I recently heard from my old friend and past boss Klaus Entenmann, Chairman of the Board of Daimler Financial Services. He sent me and a couple of my past colleagues an email to let us know the large-scale culture change we started in 2005 has become part of the lifestyle of the organization. Nine years after we had our first meeting to determine what would energize the culture, the company has incorporated those values and principles as its own. This culture is delivering results as proven by the fact that Daimler Financial Services is the first German company to make it into the top 25 Great Places to Work and are continuing year over year to produce strong and impressive business results.
This is the challenge of culture change. Often leaders are focused on an immediate need and as a result, read some new leadership book and then buy into the idea that changing the culture will fix that immediate need. In most cases, it doesn’t work that way. Culture is established over a long period of time. The rules of the new culture have to be established and then tested over and over again. If we say that we are now customer-focused, we have to have those hard moments when customer-focus is difficult. When we say we will only accept integrity, we have to have those moments where costly decisions are made in the name of protecting integrity. This is how we determine if the new value is real
With a short-term focus, these “values” end up being seen for what they are…great ideas, aspirational goals, and transitory. Leaders who are playing the long game and truly trying to change the way their organization lives and breathes understand this. They actually look for those opportunities to show their followers they mean exactly what they say and they are willing not only to invest in this new direction but to pay the price of their commitment.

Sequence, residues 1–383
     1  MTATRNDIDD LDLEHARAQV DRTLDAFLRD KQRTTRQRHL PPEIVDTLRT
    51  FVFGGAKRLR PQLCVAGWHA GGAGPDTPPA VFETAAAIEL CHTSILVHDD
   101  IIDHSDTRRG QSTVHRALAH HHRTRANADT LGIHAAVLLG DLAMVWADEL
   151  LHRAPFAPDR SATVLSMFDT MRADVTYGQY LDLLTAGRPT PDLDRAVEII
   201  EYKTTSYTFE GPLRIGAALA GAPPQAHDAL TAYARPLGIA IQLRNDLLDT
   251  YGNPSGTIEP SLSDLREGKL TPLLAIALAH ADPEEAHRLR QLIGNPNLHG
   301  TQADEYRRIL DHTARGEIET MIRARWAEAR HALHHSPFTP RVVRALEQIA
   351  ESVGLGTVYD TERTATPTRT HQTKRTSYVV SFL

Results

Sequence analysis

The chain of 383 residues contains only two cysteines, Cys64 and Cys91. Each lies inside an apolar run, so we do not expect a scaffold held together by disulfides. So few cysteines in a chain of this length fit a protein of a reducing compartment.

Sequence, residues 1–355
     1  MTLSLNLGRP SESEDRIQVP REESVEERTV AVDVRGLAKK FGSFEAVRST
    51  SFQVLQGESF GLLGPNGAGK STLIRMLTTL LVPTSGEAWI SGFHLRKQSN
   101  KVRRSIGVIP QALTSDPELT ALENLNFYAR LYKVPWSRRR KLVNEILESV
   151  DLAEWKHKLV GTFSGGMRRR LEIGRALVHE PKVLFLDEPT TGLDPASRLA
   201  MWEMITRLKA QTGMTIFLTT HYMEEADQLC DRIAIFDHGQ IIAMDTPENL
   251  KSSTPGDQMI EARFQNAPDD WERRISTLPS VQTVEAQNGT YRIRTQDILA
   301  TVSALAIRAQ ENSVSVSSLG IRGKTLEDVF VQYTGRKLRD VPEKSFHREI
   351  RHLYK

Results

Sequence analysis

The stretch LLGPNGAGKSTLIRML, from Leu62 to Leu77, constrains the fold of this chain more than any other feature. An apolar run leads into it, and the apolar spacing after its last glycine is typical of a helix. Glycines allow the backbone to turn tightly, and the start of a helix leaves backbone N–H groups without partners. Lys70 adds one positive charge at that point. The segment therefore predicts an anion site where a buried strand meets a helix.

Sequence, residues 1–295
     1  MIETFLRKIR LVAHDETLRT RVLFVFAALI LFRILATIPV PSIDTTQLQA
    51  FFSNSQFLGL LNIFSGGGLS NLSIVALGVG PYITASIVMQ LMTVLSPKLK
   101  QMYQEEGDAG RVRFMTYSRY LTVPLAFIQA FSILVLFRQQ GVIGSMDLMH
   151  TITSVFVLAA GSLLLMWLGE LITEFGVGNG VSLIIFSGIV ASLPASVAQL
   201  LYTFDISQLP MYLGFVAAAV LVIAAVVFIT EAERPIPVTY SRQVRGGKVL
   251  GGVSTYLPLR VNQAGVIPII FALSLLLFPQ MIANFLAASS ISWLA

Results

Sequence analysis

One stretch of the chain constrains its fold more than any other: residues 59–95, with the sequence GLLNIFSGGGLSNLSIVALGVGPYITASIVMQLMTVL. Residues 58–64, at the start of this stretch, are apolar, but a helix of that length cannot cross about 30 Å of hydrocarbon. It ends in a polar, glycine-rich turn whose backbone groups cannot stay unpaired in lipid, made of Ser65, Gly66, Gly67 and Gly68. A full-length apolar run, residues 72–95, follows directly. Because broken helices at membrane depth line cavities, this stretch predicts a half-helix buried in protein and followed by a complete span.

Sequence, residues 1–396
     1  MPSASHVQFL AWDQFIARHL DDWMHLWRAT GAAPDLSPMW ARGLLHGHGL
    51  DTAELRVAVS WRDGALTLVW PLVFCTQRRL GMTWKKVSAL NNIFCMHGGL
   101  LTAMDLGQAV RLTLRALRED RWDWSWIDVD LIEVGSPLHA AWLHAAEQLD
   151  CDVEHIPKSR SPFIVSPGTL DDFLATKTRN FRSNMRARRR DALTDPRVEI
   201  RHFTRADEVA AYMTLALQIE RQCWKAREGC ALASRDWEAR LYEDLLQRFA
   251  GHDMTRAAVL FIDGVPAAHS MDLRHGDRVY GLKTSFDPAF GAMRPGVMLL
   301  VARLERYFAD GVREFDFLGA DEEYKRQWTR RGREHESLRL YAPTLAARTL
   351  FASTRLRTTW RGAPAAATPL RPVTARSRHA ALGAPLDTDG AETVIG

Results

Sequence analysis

The other lesson to gain from this is that culture change is enabled from the top. Sometimes it starts there, sometimes it starts at the grassroots level, but in either case, if the leadership of the organization does not commit, it just isn’t going to happen. In the case of Daimler Financial, a huge investment was made in bringing the senior leadership along into this new culture. For some, it was no longer a good fit and they moved on to other things. For others, it was exactly what they had envisioned when they first decided they wanted to become leaders.
Culture is hard to understand and to wrap your arms around. It’s that white space between decisions, it’s a belief system and it’s a set of rules that are unspoken but understood. Culture requires faith in your own leadership and in the abilities of your followers. And rather than a management function, creating the environment where a strong culture can evolve is pure leadership. To be a small part of a significant and lasting culture change is a unique experience but well worth the effort.
Does your culture create value? We would love to hear about it so please share!